If you're wiring multiple nodes then get an actual AP instead of messing around with this consumer grade junk.
Says the person who joined a few hours ago and has spammed the forum with adverts for the Zyxel NWA210AX. :D
 

Tech Junky

Very Senior Member
@ColinTaylor

Just because I'm not an Asus fanboy doesn't mean much. As to my NWA210AX preference it works w/o all the Asus hoops to jump through with better speeds and less bugs.
 

OzarkEdge

Part of the Furniture
@ColinTaylor

Just because I'm not an Asus fanboy doesn't mean much. As to my NWA210AX preference it works w/o all the Asus hoops to jump through with better speeds and less bugs.

Why do you want to make this thread about ASUS AiMesh in particular?

OE
 

Tech Junky

Very Senior Member
ASUS AiMesh
I didn't mention that specifically.

Mesh is a marketing term not a technology.

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Setting up your channels for proper handoff between 2+ AP/routers gives you seamless handoff which is what consumers consider "mesh". The wireless backhaul of "pods" or "nodes" is a workaround to proper WIFI deployment to get extended coverage. In certain situations using a wireless backhaul can extend coverage to hard to cable locations but, isn't going to perform as well.
 

slvrscoobie

Regular Contributor
IMO anything with "mesh" in the name means you get slow speeds because of how they work. The backhaul means you split the bandwidth 50/50 on each "leg" and that's going to get complaints. Wire the units and they should work just fine. If you're not going to wire things then have realistic expectations you won't be running at full speed on the remote nodes. If you're wiring multiple nodes then get an actual AP instead of messing around with this consumer grade junk.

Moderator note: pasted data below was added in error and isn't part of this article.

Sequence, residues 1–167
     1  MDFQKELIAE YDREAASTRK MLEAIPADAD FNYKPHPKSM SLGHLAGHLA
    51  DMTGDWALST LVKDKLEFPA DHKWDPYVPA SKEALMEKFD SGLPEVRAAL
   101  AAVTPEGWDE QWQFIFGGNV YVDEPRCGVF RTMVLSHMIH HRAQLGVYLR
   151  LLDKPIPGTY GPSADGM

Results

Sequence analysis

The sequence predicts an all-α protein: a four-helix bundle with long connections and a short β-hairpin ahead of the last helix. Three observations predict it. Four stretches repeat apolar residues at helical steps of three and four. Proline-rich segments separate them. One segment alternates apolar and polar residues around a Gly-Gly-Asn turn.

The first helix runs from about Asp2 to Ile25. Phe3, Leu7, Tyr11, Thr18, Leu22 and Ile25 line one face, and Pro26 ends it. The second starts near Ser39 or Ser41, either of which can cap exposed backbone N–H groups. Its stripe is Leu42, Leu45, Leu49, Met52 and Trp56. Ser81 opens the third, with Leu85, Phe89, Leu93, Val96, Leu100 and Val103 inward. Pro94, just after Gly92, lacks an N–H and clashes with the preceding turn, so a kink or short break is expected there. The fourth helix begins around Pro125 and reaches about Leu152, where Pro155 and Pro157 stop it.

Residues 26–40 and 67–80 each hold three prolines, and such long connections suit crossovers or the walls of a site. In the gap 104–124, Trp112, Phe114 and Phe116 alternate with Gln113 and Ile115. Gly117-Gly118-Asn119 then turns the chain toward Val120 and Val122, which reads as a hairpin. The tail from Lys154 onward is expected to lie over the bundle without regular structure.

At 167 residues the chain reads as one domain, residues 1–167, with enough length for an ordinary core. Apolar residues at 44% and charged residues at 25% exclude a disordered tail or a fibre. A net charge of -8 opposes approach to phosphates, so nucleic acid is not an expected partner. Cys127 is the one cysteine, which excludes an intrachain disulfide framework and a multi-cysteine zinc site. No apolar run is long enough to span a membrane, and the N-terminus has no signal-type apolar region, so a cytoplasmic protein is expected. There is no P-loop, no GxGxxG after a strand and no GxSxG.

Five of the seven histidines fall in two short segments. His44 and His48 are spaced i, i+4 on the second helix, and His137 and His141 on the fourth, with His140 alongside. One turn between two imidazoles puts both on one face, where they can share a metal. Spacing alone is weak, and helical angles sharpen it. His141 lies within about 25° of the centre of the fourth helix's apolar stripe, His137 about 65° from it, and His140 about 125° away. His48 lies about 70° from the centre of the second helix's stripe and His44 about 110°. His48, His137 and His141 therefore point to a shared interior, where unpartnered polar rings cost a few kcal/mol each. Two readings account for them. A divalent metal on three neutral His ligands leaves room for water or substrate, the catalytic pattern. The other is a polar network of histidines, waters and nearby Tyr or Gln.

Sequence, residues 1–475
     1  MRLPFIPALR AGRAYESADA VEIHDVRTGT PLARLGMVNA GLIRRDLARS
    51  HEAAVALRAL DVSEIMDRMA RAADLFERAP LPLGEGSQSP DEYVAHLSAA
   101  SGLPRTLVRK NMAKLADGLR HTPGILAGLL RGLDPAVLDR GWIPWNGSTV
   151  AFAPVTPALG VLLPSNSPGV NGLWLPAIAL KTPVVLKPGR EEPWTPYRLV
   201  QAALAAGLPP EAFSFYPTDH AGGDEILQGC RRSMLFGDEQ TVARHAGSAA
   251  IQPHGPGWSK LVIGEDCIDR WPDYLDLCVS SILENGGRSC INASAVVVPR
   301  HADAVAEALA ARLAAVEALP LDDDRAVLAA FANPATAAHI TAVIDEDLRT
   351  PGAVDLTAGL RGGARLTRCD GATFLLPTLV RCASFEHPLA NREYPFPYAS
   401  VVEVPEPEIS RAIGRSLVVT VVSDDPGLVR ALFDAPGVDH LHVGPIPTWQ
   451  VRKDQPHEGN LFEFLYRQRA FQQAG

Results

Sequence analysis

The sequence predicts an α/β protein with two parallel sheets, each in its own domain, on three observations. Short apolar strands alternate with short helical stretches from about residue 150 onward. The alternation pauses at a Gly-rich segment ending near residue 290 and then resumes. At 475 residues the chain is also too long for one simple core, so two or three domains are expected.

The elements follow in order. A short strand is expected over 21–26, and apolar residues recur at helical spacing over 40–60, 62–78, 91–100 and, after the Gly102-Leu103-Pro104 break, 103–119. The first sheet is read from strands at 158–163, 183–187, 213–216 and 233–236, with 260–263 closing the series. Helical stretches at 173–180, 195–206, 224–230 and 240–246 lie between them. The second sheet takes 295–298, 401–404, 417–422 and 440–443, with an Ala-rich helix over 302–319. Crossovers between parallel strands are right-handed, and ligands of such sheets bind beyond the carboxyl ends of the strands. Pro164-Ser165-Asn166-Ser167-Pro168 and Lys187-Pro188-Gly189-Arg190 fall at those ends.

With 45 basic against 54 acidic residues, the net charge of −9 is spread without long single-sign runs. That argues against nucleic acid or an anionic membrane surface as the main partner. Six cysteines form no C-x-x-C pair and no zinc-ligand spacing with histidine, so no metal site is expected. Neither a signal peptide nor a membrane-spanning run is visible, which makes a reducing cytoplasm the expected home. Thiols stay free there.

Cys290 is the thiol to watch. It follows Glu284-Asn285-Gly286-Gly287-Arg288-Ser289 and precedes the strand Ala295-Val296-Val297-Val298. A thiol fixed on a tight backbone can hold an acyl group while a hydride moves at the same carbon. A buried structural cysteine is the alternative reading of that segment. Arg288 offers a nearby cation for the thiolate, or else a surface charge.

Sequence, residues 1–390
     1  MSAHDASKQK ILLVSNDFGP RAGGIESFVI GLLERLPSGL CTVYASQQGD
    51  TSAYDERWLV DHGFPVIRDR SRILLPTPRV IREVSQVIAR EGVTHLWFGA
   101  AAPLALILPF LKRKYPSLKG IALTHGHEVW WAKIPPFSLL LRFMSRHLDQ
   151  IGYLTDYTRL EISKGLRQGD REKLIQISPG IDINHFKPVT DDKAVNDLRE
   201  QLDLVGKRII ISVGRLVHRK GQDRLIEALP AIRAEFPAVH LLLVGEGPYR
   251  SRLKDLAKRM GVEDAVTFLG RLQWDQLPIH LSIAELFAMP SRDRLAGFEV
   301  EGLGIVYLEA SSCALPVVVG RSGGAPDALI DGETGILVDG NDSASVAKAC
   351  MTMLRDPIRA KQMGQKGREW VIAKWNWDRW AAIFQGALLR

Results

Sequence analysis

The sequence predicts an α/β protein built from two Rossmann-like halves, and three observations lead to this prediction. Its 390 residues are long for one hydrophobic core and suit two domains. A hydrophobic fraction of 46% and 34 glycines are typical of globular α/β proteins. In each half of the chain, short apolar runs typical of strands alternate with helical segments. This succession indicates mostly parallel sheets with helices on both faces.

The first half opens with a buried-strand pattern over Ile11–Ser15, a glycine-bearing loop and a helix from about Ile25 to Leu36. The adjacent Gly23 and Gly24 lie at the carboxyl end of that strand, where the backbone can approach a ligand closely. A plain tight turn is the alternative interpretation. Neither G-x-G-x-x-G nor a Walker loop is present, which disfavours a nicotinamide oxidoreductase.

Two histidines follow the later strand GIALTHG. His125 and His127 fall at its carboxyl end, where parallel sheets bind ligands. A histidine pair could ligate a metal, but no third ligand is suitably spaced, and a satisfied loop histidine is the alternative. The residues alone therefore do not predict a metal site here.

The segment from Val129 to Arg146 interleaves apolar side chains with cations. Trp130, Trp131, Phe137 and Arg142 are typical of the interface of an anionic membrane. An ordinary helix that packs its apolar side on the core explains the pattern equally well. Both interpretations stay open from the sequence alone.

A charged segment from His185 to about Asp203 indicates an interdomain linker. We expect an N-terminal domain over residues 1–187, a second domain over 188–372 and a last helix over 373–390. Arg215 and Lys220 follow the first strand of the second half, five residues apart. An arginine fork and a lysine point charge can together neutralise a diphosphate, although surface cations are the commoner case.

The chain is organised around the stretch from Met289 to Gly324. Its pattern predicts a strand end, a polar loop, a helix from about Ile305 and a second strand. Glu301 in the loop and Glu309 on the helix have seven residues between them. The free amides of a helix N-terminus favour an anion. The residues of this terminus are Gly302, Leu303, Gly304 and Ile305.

but most people have 2+gb capable mesh systems, for 100mbps connections. they'll never notice and as long as the speeds dont affect TikTok the kids wont complain any more about wifi
 

heaven

Occasional Visitor
I see many posts that ask about "mesh" systems using Ethernet backhaul. This is not a "mesh" system. It is a multi-AP system with maybe some central management.

Mesh systems use Wi-Fi to connect APs via Wi-Fi back to a "Root" node that has an Ethernet connection to the internet.

You do not need "mesh" hardware to build an Ethernet connected multi AP system. Any AP or router can be used as long as it is properly configured.
Do you have any links to the Mesh specification or is i just your personal feeling? I don't see how the type of backhaul connection applies here. In my understanding, the Mesh term is about how the nodes operate in this network, including the roaming. Which is quite different from having multiple routers. Same as you don't worry about how cell towers are connected with each other.
 

heaven

Occasional Visitor
but most people have 2+gb capable mesh systems, for 100mbps connections. they'll never notice and as long as the speeds dont affect TikTok the kids wont complain any more about wifi
There could be many devices within the local network. E.g. a NAS device running Plex media server, backup systems, surveillance system, multiple TVs, etc.
 

Tech Junky

Very Senior Member
2+gb capable mesh systems,